You’ll recognize the paraphrase of the famous line from Shakespeare’s Hamlet. (Act III, scene 1) Interesting fact about that line, in fact that entire speech, now so sealed into our minds, as ‘canonized’ as anything in Shakespeare: There was actually a series of earlier versions. As an example, this version was printed in the First Quarto (1603):
To be, or not to be, I there’s the point,
To Die, to sleep, is that all? Aye all:
No, to sleep, to dream, aye marry there it goes…
So Shakespeare, arguably the greatest writer of them all, despite his preternatural gifts, worked in drafts! And even after the play had been performed the Bard’s work continued, massaging the lines, rethinking concepts, rewriting. Evidently when he arrived at the following formula he realized perfection, and he stopped:
To be, or not to be, that is the question:
Whether ’tis Nobler in the mind to suffer
The Slings and Arrows of outrageous Fortune,
Or to take Arms against a Sea of troubles,
And by opposing end them: to die, to sleep
No more; and by a sleep, to say we end
The Heart-ache, and the thousand Natural shocks
That Flesh is heir to? ‘Tis a consummation
Devoutly to be wished. To die, to sleep,
To sleep, perchance to Dream; aye, there’s the rub,
For in that sleep of death, what dreams may come,
When we have shuffled off this mortal coil,
Must give us pause.
Pause indeed. For in the rabbinic world, this is the time of writing and rewriting, of switching phrases, of working ideas, struggling with transitions, worrying over the ebb and flow of a text that ironically and ultimately is meant to be spoken. Perfection in a sermon will never be achieved, for it simply does not exist. But we work hard, and we spend more time with these sermons that we do with anything else we’ll preach the rest of the year.
This year there is an extra challenge. What to say, or not to say, about Donald Trump, Hillary Clinton, the Presidential election? There is a clear legal definition you work with – a preacher may not endorse a candidate from the pulpit. Such an endorsement would forfeit the preacher’s house of worship’s non-profit status. But as we all know you can get awfully close to that line without crossing it. I’ve heard rabbis (and Christian preachers as well) say everything BUT ‘and you should vote for..’ They didn’t even need to say it, because their message was already clear.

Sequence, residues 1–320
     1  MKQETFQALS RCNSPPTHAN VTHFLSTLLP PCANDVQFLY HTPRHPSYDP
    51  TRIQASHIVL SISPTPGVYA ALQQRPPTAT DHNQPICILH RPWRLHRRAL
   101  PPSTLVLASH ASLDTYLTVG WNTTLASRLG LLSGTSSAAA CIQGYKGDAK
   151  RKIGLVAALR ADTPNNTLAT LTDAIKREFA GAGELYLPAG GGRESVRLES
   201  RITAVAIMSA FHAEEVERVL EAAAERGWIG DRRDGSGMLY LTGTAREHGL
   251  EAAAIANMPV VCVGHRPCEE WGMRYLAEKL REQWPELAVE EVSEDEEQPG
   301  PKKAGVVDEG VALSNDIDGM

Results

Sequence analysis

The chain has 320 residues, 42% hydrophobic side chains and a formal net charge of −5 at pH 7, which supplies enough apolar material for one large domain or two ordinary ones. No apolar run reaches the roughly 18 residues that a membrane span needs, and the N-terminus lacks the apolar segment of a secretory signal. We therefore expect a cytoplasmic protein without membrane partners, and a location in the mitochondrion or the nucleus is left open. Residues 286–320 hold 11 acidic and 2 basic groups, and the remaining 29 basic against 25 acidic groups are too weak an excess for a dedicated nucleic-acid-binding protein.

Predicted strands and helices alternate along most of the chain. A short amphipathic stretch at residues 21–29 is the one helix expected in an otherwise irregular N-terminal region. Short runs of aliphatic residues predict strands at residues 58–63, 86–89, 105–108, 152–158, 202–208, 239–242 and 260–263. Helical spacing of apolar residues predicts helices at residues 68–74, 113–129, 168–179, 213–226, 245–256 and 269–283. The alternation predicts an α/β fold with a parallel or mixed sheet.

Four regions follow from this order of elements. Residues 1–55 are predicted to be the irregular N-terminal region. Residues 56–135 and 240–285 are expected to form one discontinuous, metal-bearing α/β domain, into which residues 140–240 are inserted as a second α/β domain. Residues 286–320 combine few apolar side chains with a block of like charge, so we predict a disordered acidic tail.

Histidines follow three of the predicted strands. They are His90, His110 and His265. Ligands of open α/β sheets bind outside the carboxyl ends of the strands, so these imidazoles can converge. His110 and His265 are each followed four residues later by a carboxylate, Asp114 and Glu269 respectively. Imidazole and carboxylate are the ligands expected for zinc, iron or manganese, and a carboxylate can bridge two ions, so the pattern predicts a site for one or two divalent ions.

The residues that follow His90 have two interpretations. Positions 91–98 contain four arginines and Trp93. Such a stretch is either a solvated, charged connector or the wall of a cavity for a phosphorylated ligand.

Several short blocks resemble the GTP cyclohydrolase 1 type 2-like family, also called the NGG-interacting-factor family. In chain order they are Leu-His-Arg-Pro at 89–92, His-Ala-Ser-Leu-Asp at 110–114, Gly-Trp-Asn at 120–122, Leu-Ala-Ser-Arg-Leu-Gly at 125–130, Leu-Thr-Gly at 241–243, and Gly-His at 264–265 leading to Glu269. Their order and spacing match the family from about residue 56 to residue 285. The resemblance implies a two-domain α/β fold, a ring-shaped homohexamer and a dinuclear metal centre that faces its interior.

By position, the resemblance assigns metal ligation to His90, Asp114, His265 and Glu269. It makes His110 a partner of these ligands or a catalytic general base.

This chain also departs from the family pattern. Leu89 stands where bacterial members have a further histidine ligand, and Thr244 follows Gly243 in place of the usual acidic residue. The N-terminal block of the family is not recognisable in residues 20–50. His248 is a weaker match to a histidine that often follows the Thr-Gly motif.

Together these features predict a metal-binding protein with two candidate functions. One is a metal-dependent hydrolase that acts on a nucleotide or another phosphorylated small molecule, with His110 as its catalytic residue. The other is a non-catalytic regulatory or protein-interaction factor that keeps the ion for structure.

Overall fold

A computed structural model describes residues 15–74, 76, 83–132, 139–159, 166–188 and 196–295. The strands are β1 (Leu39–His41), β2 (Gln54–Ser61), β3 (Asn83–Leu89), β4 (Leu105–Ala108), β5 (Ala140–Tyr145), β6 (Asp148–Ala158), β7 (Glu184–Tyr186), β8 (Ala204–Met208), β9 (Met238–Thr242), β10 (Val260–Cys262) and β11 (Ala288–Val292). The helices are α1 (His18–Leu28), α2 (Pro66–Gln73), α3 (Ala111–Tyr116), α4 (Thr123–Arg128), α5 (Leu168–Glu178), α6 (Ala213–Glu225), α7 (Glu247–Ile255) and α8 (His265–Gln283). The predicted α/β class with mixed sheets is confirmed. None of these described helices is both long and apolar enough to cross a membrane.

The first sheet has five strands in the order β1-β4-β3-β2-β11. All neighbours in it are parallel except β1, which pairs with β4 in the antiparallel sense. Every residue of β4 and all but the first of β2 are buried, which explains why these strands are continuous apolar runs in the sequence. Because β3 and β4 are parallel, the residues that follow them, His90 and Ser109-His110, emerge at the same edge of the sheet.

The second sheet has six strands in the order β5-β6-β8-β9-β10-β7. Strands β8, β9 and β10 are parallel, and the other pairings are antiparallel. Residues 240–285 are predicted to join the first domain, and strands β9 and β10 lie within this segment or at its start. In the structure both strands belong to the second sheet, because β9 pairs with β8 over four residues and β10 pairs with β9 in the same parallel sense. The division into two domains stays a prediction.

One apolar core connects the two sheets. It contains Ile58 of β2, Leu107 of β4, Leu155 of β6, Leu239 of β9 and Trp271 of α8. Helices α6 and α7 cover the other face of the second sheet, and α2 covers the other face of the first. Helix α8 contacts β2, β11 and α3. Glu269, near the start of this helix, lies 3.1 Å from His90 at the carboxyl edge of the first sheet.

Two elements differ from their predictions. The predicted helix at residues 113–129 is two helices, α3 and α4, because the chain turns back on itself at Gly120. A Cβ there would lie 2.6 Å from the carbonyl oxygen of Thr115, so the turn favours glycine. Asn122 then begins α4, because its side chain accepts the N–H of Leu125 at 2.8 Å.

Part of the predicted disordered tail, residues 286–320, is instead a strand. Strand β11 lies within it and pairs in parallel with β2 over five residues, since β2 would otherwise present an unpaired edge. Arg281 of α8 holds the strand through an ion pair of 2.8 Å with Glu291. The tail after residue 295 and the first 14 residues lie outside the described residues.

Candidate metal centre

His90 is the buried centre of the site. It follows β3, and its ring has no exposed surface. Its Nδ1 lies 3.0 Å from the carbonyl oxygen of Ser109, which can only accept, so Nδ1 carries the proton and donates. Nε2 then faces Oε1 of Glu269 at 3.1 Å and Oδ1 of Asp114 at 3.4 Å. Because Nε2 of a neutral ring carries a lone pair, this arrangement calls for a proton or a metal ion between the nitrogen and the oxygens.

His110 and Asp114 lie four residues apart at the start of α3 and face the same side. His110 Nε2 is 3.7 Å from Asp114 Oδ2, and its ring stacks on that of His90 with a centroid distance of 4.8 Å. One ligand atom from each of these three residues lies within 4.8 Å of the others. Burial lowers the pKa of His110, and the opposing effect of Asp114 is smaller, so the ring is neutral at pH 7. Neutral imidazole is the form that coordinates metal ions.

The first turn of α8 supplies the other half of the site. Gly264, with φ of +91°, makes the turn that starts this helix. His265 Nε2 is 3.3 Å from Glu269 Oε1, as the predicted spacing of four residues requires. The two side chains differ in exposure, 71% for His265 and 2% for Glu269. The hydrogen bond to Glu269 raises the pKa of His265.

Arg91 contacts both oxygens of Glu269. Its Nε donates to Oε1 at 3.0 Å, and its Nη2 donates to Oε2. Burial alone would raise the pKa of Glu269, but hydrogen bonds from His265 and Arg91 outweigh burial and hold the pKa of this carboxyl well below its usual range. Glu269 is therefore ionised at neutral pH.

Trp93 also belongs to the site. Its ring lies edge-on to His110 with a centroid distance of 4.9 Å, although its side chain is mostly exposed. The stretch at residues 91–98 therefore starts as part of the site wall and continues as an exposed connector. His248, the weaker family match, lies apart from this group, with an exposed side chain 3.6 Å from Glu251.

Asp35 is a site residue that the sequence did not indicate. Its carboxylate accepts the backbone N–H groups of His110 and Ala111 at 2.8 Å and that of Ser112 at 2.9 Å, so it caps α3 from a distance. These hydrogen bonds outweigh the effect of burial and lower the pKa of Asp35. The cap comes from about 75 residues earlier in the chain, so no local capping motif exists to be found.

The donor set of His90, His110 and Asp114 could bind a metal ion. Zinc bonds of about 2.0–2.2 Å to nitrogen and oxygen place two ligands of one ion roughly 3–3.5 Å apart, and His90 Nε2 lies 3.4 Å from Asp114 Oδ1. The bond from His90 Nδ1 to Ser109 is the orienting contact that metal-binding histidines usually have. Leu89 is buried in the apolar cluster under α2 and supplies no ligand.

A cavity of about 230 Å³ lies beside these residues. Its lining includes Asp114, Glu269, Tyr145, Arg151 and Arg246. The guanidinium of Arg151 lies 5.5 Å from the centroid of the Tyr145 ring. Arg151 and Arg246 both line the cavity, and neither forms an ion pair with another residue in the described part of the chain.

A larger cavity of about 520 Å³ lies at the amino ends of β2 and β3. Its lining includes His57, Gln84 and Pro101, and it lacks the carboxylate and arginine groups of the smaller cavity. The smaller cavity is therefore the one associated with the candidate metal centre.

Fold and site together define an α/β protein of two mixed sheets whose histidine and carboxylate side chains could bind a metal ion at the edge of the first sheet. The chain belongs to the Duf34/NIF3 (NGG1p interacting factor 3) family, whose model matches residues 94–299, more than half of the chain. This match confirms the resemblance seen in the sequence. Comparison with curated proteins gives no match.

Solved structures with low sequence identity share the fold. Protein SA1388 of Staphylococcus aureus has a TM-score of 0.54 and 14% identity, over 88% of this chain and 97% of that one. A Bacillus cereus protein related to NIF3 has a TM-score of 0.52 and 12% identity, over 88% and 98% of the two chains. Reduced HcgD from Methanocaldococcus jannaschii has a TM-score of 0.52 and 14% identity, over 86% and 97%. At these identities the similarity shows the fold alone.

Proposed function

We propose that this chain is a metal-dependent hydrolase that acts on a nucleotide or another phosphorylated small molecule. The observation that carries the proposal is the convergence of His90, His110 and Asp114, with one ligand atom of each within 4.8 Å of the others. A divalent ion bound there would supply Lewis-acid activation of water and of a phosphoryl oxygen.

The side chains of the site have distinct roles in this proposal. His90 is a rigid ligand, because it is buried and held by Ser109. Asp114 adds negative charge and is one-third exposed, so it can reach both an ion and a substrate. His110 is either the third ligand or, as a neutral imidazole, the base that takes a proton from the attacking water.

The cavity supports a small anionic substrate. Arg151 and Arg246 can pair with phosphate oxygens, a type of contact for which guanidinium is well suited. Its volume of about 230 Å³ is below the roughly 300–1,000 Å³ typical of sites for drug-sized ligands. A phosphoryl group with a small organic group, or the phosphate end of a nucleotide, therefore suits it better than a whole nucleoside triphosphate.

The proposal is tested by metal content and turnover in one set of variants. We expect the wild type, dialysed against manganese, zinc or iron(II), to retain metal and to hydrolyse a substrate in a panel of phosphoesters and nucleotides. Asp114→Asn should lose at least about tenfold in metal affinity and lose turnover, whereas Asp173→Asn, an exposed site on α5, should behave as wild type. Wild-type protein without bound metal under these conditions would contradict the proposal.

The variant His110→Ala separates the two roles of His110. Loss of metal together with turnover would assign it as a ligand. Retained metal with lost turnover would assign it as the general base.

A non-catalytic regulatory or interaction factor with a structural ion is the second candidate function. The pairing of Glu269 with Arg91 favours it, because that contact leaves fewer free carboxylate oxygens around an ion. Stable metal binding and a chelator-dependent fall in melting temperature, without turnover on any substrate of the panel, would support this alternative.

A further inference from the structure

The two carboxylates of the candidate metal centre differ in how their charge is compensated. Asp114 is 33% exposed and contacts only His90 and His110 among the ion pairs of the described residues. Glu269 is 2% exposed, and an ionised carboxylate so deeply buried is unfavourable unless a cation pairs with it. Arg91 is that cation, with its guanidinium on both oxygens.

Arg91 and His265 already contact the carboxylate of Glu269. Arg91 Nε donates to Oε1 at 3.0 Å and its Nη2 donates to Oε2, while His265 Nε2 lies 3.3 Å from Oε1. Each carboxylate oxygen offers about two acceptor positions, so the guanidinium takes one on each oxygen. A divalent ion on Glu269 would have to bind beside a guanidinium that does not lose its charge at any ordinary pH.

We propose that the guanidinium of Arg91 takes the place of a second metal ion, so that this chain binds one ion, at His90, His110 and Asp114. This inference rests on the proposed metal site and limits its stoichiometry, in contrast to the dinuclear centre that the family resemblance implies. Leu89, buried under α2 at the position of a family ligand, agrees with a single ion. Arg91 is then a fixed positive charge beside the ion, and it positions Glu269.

Of course in today’s highly polarized political atmosphere some folks feel that even touching on politics during a sermon is akin to landing on the third rail. I had a congregant once tell me I shouldn’t even use the words Democrat or Republican from the pulpit. At the same time it feels almost cowardly, or in some way irresponsible, not to address the one issue that is on everyone’s mind.
So what to say? Or not to say? This is the challenge rabbis around the country are struggling with this year. In a way it is like the old joke about rabbis: the ideal rabbi has 25 years experience in the field, but is only 35 years old. She spends no money and requires little pay, but must dress well and drive a respectable car. He should be at meetings morning, noon, and night, but should also find time to spend with his family. You get the idea. So it is with the High Holiday sermon – it should be topical, but not touch on politics. And oh yes, it should make them laugh and cry, be filled with original insight and ancient wisdom, not make anyone angry, and perhaps most importantly of all, make them want to come back for more. After all, there is always Yom Kippur.